Four Quick Takeaways: Tennessee Falls Flat Against Florida

Four Quick Takeaways: Tennessee Falls Flat Against Florida

Photo via Tennessee Athletics

GAINESVILLE, Fla. — A Florida football team predicted to miss a bowl game out coached, out manned and out played Tennessee for 60 minutes Saturday night.

Even the most ambitious Gator fans didn’t predict the whomping Billy Napier’s second Florida team gave Josh Heupel and the Vols as Tennessee added a new chapter to its horror stories at Ben Hill Griffin Stadium.

Here’s four quick takeaways as Tennessee dropped its SEC opener 29-16.

More From RTI: Drive-By-Drive Summary Of Tennessee’s Loss At Florida

Twenty Six Straight For Florida In The First Half

Things started swimmingly for Tennessee. The Vols blocked a Florida field goal and went 71 yards in six plays thanks to a pair of nice Joe Milton III passes.

It took a long time for anything else to go well for Tennessee.

Florida scored touchdowns on its next four drives which led to 26 unanswered points (blocked PAT and failed two-point try). The Vols had few answers for a Florida offense that looked horrific two weeks prior at Utah.

The Gators controlled the game on the ground, more on that in a moment, and quarterback Graham Mertz made plays on third down when he needed to. On the other end, Tennessee’s offense was dismal and gave its defense no time to rest.

Tennessee had four straight set of downs begin: false start, false start, false start and timeout. The crowd clearly had an effect on Tennessee and the Vols had no answers. After its first drive touchdown, Tennessee didn’t run a play on Florida’s side of the field until the second half.

It was a disastrous second quarter and Tennessee never recovered.

Florida Dominates The Line Of Scrimmage

Much of the talk surrounding this game all week was that whoever ran the ball better would win the game. Myself, and many others, thought Tennessee had the advantage along the line of scrimmage. Boy, were we mistaken.

Florida dominated both lines of scrimmage and ran the ball better against Tennessee than anyone has since the start of the 2022 season. The Gators averaged 6.1 yards per rush in the first half largely thanks to a 62-yard Trevor Etienne touchdown. The play included an abysmal tackling effort by Kamal Hadden— a common theme for the Vols’ defensive backs throughout the afternoon.

Tennessee’s pass rush success in the first two weeks looked like a mirage as the Vols’ faced their first real test. Tim Banks’ defense struggled to get home with four rushers and Tennessee’s edge rushers consistently lost contain as Graham Mertz escaped the pocket and made plays.

On the other side, Tennessee’s offensive line looked outmatched. The Vols ran the ball with modest success but Florida’s pass rush wreaked havoc on Tennessee and led to a crucial second quarter Milton interception.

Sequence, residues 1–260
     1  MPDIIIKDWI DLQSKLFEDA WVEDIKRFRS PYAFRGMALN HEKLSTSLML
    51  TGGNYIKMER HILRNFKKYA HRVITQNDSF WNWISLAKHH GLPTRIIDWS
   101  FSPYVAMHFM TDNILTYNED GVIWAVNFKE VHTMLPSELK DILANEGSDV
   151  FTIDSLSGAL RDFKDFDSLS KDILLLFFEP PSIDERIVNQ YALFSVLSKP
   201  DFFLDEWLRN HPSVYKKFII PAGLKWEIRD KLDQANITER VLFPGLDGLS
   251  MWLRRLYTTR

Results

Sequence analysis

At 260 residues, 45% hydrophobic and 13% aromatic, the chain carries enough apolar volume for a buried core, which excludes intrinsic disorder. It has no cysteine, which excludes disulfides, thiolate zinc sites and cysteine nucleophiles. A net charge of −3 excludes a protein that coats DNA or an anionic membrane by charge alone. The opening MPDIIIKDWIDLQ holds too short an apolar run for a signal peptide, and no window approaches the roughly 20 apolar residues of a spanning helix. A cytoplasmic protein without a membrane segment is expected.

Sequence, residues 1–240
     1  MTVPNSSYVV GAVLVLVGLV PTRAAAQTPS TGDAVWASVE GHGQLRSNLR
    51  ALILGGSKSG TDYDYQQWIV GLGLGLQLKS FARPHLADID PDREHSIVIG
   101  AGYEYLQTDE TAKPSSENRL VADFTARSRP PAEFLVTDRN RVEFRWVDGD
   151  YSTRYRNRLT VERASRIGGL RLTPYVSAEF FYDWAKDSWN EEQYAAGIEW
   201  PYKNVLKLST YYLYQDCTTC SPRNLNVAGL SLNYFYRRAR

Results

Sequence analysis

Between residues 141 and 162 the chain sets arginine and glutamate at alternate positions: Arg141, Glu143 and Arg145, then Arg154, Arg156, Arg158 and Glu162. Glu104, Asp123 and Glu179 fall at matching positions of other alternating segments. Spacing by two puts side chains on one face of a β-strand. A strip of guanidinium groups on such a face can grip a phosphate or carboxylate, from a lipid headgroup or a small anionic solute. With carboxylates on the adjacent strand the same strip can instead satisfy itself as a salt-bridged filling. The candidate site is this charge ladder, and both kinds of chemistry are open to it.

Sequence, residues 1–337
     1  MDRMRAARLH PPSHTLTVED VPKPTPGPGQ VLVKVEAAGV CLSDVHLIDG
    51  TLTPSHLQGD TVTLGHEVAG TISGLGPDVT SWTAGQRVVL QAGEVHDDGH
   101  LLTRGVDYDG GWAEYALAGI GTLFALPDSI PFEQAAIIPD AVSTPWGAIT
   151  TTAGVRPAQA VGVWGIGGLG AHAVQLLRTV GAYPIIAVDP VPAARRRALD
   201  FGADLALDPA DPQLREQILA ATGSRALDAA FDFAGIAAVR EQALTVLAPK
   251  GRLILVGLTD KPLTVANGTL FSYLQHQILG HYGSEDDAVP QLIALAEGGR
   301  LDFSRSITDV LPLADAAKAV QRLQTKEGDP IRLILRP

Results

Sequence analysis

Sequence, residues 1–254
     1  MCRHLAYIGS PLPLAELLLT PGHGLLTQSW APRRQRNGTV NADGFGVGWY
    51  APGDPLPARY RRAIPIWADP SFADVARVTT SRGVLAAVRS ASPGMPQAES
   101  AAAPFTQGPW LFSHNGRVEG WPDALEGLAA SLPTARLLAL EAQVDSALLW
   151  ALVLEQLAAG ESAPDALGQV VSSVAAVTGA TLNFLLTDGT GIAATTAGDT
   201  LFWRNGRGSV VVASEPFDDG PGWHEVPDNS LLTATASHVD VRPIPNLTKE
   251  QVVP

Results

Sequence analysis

In the end, Florida totaled 253 yards on the ground while Tennessee totaled 106.

Third Down Defense Struggles

Through two weeks it looked like Tennessee’s defense had taken another step forward after doing just that last year. But against Florida, the Vols defense reverted to their 2021 self with an inability to get off the field on third down.

The Gators were seven-of-eight on third down in the first half, converting third and short and third and long with ease. Florida submitted its will and ran the ball well on short yardage situations and Mertz frequently escaped the pocket and made plays on third-and-long.

Tennessee got third down stops while forcing three-and-outs on Florida’s first two drives of the first half and made the third down numbers look better (seven-of-13). But the Vols’ inability to get off the field on third down in the first half kept Tennessee from ever stopping the bleeding and making a game out of it.

Stalled Drives Derail Any Comeback Attempt

Tennessee’s offense had more success in the second half than it did in the first half and had opportunities to make it a game in the third quarter when its defense forced the previously mentioned three-and-outs.

The Vols’ first three drives of the second half totaled 124 yards but produced just three points.

The first drive also cost Tennessee two timeouts, hurting its comeback chances, including Heupel taking a timeout as Milton was unaware that the clock was running out. Tennessee didn’t convert after the timeout and the Vols settled for a field goal.

Tennessee’s next two Tennessee drives ended much more controversially. The Vols faced fourth-and-one at the Florida 17-yard line and were trying to go fast. One problem, the official kicked the ball and had to re-spot it allowing Florida time to substitute. The Gators stuffed the run and Tennessee came away scoreless.

The ensuing drive saw Tennessee on the move again. The Vols drew up a beautiful screen pass that moved Tennessee into scoring range. But the officials called a questionable blind side block on McCallan Castles, pushing Tennessee into second-and-27 instead.

Tennessee got into fourth-and-manageable but couldn’t convert. The Gators added a field goal on their next drive which made it a three-possession game in the fourth quarter and effectively ended the game.

Author: Ethan Moore